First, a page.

foot and the right foot. The algorithm then
generates training recommendations for the
athlete that may not seem connected to a
given weakness. The magic is in the eight years of data that
Sparta has now collected that can tailor workouts to correct
specifc defciencies. A basketball player trying to develop a
more explosive frst step might be told he should add bench
presses to his workout—because, somewhat counterintuitively,
the data shows benching makes the legs more powerful.
A soccer forward with an explosive frst step but who lacks
sustained power might hear she’s at risk for developing hip
problems and ought to do more lunges to remedy the problem.
Among the teams using Sparta are the NBA’s Cleveland
Cavaliers, MLS’s San Jose Earthquakes, MLB’s Colorado
Rockies, and the NFL’s Atlanta Falcons, who
reached the Super Bowl in February. Colleges
such as Auburn and Penn are also on board.
Gabe Bauer, head strength and conditioning coach for the
Rockies, frst came across Sparta six years ago, when the team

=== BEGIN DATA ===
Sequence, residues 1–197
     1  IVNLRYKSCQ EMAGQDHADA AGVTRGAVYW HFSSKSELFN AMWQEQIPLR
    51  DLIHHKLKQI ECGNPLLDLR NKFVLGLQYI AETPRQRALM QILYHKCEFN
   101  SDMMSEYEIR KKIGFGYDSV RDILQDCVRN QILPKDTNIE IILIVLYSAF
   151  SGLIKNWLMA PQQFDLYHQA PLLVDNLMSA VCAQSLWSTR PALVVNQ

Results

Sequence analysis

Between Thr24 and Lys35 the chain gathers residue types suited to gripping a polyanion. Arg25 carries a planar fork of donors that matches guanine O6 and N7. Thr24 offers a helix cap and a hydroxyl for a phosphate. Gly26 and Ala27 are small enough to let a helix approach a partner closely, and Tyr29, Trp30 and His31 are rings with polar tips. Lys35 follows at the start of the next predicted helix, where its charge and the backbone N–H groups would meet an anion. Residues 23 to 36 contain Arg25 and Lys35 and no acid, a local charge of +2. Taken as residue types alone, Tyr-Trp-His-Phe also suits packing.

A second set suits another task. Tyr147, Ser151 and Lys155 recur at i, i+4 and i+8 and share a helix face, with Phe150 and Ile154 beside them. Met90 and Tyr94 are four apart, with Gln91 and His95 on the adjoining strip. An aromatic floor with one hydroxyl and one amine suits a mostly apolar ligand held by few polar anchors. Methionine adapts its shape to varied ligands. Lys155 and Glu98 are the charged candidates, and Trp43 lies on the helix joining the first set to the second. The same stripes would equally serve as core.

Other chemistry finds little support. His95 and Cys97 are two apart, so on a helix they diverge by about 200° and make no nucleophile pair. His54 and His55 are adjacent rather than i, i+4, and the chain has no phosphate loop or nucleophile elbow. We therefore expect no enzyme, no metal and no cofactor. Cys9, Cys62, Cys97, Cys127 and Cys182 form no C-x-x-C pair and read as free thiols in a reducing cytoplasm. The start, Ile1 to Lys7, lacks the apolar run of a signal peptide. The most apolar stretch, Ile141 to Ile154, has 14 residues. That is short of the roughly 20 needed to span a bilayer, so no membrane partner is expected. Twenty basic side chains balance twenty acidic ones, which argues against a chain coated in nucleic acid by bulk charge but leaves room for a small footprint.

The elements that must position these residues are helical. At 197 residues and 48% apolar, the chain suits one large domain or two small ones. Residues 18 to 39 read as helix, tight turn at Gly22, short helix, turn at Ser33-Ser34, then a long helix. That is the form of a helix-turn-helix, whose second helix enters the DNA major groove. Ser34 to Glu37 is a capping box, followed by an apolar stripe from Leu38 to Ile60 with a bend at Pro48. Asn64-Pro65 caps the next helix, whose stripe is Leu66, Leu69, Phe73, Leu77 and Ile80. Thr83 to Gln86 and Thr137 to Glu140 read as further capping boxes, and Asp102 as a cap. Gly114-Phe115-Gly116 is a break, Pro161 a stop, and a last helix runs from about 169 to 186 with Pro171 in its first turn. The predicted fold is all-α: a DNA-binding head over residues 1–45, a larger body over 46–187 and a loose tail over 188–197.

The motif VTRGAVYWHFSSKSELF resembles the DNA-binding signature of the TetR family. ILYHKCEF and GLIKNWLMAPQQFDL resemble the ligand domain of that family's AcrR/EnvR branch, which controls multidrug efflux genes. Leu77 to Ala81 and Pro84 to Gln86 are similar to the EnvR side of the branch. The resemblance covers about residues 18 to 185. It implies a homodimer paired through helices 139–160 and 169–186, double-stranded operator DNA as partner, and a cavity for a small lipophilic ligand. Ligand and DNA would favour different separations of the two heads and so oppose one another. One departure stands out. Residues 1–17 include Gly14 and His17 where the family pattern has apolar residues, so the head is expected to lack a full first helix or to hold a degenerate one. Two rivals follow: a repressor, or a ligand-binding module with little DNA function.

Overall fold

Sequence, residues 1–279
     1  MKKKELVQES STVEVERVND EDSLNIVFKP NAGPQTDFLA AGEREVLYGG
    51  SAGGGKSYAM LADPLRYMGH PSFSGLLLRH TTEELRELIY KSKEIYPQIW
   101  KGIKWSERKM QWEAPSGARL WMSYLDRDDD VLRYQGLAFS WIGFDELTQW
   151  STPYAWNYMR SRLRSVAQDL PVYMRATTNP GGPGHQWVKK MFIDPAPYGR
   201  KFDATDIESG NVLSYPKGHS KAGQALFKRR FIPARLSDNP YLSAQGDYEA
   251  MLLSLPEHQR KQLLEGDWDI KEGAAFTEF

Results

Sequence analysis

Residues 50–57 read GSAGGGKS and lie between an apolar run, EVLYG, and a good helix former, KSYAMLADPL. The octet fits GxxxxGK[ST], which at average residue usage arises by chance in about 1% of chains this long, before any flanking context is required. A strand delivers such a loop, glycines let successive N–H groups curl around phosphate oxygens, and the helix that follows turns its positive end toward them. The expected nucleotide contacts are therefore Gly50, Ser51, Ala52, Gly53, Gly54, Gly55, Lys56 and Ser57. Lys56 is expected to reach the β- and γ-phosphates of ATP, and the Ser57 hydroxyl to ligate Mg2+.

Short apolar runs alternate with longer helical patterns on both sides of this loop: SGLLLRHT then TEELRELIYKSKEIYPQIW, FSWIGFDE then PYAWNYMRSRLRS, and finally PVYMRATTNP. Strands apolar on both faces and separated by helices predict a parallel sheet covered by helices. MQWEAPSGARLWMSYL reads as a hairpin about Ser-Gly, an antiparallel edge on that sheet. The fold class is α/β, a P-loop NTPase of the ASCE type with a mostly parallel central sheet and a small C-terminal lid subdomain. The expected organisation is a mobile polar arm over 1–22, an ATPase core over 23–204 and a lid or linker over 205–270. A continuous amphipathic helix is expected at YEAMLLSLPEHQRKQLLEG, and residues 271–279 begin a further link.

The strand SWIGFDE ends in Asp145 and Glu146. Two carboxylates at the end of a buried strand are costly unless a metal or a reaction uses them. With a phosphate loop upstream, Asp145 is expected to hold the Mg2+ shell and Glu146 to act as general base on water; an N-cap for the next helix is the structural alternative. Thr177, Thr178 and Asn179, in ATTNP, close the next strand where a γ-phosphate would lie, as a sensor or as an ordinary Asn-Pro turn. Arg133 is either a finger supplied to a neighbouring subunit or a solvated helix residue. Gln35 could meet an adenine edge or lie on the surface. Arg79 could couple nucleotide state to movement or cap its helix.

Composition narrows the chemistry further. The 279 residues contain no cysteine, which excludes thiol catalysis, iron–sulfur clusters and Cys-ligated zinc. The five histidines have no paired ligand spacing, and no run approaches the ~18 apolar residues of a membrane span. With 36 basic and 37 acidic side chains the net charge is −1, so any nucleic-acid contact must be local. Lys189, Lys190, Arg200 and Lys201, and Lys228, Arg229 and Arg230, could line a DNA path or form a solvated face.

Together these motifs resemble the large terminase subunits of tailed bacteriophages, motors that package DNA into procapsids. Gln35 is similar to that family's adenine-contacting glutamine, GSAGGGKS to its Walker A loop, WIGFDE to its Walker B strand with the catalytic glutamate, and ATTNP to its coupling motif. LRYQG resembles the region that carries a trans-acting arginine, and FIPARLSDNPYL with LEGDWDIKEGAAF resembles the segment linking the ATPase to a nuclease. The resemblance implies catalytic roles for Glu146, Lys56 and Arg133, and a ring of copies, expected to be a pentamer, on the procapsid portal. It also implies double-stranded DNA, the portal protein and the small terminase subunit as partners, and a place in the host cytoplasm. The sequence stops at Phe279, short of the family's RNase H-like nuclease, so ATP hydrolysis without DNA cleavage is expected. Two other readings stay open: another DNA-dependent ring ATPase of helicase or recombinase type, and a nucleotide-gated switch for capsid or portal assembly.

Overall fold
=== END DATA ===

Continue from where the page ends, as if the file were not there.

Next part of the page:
was looking for some sort of technological solution that would
allow players to track their workouts without toting around
a clipboard and a pen. “We weren’t even looking at the injury-prevention side of things originally,” he says. Like every coach,
Bauer balances competing imperatives: On the one hand, ever-escalating salaries mean that the cost of injuries, in the form of
lost playing time, is rising too. On the other hand, there are so
many new training technologies vying for the time and money
of people like him, he can’t aford to waste either on a product
Phil Wagner sits under red lights in the
morning to stimulate the mitochondria
in his eyes, a process he says gives
him more energy.